Amino Acids: Definition, Roles, Food, Supplementation

You will find in this Youtube video and in this health and wellness blog post :

- The definition of amino acids

- The chemical formula of amino acids

- The function of amino acids in proteins

- What are the 20 amino acids?

- What are the 8 essential amino acids?

- Non-essential amino acids

- Food sources of amino acids

- Amino acids in food supplements

- Recommendations and advice on amino acid supplementation

The definition of amino acids, chemical formula

Amino acids are molecules that share a particular chemical structure. They are composed of atoms of carbon (C), hydrogen (H), oxygen (O) and nitrogen (N). They are called acid, because they have the COOH group (carboxylic acid) and amino because they have an amino group (NH2) in their chemical formula.

The function of amino acids in proteins

The linkage of several amino acids allows the formation of proteins. These links are called peptide links.

Each amino acid present in the composition of the protein contributes to give it specific functions.

Furthermore, the order in which the amino acids are assembled to form the protein also plays an important role in the functionality of the protein.

Amino acids can also be involved in the production of carbohydrates, hormones, neurotransmitters, enzymes or lipids.

What are the 20 amino acids of proteins?

The 20 amino acids of proteins are: leucine, isoleucine, lysine, methionine, phenylalanine, threonine, tryptophan, valine, histidine, alanine, glutamic acid or glutamate, aspartic acid or aspartate, arginine, asparagine, cysteine, glycine, proline, tyrosine and serine.

These amino acids allow us to produce all the proteins necessary for the proper functioning of our body.

What are the 8 essential amino acids?

Some amino acids are called essential or indispensable, because they cannot be produced by our body or are produced in insufficient quantities, so we must provide them through our diet.

There are 8 of them: leucine, isoleucine, lysine, methionine, phenylalanine, threonine, tryptophan, valine and histidine in infants.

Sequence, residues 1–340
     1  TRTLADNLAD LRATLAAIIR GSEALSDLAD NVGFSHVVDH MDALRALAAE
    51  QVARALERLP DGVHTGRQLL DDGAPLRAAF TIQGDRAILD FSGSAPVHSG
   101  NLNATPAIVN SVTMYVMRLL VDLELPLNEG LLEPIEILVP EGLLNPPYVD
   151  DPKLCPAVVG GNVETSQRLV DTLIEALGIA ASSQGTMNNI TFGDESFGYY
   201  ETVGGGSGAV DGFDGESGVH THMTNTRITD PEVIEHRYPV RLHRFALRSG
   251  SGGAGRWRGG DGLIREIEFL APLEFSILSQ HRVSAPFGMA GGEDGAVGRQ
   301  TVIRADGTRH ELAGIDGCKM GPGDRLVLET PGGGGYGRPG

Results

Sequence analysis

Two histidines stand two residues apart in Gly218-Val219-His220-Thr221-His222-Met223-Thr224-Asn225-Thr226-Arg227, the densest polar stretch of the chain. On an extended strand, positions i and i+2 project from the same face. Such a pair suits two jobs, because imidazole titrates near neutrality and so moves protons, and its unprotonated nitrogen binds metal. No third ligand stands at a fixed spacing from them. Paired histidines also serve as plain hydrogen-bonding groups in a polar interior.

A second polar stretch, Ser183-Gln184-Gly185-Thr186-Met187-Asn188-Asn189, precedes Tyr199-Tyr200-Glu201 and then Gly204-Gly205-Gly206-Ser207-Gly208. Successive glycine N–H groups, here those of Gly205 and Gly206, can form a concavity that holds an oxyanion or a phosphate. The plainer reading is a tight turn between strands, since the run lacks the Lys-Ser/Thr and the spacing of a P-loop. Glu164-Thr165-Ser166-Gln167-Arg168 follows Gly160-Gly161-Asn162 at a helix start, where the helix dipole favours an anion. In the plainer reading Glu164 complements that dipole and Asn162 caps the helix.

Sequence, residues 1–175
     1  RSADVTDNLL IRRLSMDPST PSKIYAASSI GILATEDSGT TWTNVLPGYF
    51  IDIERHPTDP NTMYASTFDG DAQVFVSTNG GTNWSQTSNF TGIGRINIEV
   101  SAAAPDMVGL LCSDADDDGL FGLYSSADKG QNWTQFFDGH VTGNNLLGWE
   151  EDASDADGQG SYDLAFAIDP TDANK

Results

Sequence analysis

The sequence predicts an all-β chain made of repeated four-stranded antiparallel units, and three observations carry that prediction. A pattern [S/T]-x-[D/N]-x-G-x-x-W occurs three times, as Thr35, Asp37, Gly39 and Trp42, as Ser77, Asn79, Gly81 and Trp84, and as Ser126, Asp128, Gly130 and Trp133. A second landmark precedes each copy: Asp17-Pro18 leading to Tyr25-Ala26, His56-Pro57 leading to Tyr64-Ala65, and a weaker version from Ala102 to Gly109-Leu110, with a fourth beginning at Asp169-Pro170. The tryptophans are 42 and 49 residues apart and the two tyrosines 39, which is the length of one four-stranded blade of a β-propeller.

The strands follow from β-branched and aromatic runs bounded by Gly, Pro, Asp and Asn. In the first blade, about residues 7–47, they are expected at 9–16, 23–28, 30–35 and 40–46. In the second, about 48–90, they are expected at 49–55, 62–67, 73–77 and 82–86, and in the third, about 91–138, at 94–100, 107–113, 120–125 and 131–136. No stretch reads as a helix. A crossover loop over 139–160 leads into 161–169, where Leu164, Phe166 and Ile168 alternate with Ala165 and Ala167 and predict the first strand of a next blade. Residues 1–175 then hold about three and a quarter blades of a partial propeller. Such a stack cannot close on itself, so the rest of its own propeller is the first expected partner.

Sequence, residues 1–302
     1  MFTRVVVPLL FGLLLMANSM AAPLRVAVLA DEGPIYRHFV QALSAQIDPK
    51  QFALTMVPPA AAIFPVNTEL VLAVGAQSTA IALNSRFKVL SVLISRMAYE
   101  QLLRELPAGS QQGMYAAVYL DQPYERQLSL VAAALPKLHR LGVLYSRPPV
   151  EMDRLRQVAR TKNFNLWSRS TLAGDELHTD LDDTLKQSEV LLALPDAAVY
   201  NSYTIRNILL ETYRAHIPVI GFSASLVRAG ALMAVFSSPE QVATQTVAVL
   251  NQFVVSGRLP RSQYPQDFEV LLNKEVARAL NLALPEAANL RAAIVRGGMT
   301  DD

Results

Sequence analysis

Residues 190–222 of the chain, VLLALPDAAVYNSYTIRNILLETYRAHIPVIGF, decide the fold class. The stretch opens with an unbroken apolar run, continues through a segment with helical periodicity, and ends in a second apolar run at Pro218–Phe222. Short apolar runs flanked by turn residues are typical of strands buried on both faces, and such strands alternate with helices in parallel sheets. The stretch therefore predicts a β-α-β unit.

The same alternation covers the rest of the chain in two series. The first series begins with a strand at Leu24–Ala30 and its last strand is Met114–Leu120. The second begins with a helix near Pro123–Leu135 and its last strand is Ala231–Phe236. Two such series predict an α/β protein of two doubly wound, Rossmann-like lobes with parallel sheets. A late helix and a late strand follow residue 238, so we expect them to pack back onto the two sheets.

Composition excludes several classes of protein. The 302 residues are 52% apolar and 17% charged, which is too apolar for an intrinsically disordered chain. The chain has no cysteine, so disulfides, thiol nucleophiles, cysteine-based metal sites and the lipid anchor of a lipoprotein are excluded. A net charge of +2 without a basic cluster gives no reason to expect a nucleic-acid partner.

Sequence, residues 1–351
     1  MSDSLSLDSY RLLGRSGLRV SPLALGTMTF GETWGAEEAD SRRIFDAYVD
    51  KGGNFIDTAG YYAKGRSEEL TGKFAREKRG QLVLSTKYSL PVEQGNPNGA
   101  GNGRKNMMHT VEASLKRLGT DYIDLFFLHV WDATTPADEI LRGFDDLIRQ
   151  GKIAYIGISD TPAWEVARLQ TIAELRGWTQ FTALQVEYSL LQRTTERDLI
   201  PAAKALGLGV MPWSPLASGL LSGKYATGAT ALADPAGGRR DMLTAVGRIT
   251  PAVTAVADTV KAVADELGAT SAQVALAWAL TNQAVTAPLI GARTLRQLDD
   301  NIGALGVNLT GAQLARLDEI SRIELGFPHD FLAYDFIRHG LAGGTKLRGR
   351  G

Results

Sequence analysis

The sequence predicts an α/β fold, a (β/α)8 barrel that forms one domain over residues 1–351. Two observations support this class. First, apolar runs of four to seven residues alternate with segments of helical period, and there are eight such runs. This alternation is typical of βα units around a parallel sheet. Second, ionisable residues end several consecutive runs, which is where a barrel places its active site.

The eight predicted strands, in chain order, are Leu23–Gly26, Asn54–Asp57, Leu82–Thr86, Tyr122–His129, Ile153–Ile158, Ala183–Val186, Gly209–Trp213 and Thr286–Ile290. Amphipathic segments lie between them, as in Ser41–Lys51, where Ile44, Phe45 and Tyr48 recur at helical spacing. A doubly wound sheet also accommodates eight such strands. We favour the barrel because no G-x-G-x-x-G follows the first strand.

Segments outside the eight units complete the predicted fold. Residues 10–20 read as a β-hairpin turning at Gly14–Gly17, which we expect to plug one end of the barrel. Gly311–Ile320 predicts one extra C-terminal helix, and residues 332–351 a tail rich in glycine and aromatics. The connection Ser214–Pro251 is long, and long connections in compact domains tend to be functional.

Non-essential amino acids

Non-essential amino acids are produced within our body from essential amino acids, they are valine, alanine, arginine, asparagine, aspartic acid, cysteine, glutamine, glutamic acid, glycine, histidine, proline, serine, tyrosine.

Some amino acids are lipophilic like glycine and alanine. These are more attracted to fatty substances.

Others are hydrophilic (aspartic acid, glutamic acid, arginine, asparagine, glutamine, histidine, lysine, serine, threonine), they are mostly present in aqueous substances (which contains water).

There are amino acids that contain atoms other than carbon, hydrogen, oxygen or nitrogen, such as methionine and cysteine which have a sulfur atom (S).

Food sources of amino acids

Amino acids are present in plant products (vegetables and legumes such as lentils, chickpeas, beans, ...), but especially in animal products (egg, fish, meat, poultry, ...).

Amino acids in food supplements, recommendations and advice on amino acid supplementation

Amino acids branched (L-leucine, L-isoleucine, L-valine) are called so because of their particular chemical structure.

They are often used by athletes to increase their physical capacity and muscle mass.

However, I would like to draw your attention to the fact that their effectiveness has not been proven in increasing mass and performance in athletes.

These amino acids can also be recommended to limit a metabolic disease or to promote protein production in order to accelerate healing after a trauma or an injury.

It is important to know that pregnant or breastfeeding women and people who suffer from metabolic diseases should not take these amino acids as food supplements outside their usual diet.

It is preferable to prefer foods naturally rich in protein such as meat, poultry, dairy products, eggs, ... to fill up on amino acids,

Indeed, these foods allow a better absorption of proteins, they also have other elements such as vitamins of the B group which optimizes their absorption and improves their functionality.

Finally, it is very important to know that the consumption of amino acids over the long term can promote the deterioration of the kidneys.

Dr Noura Marrai (Doctor of Pharmacy, YouTuber Health, creator of the health well-being Pharmaquiz application),

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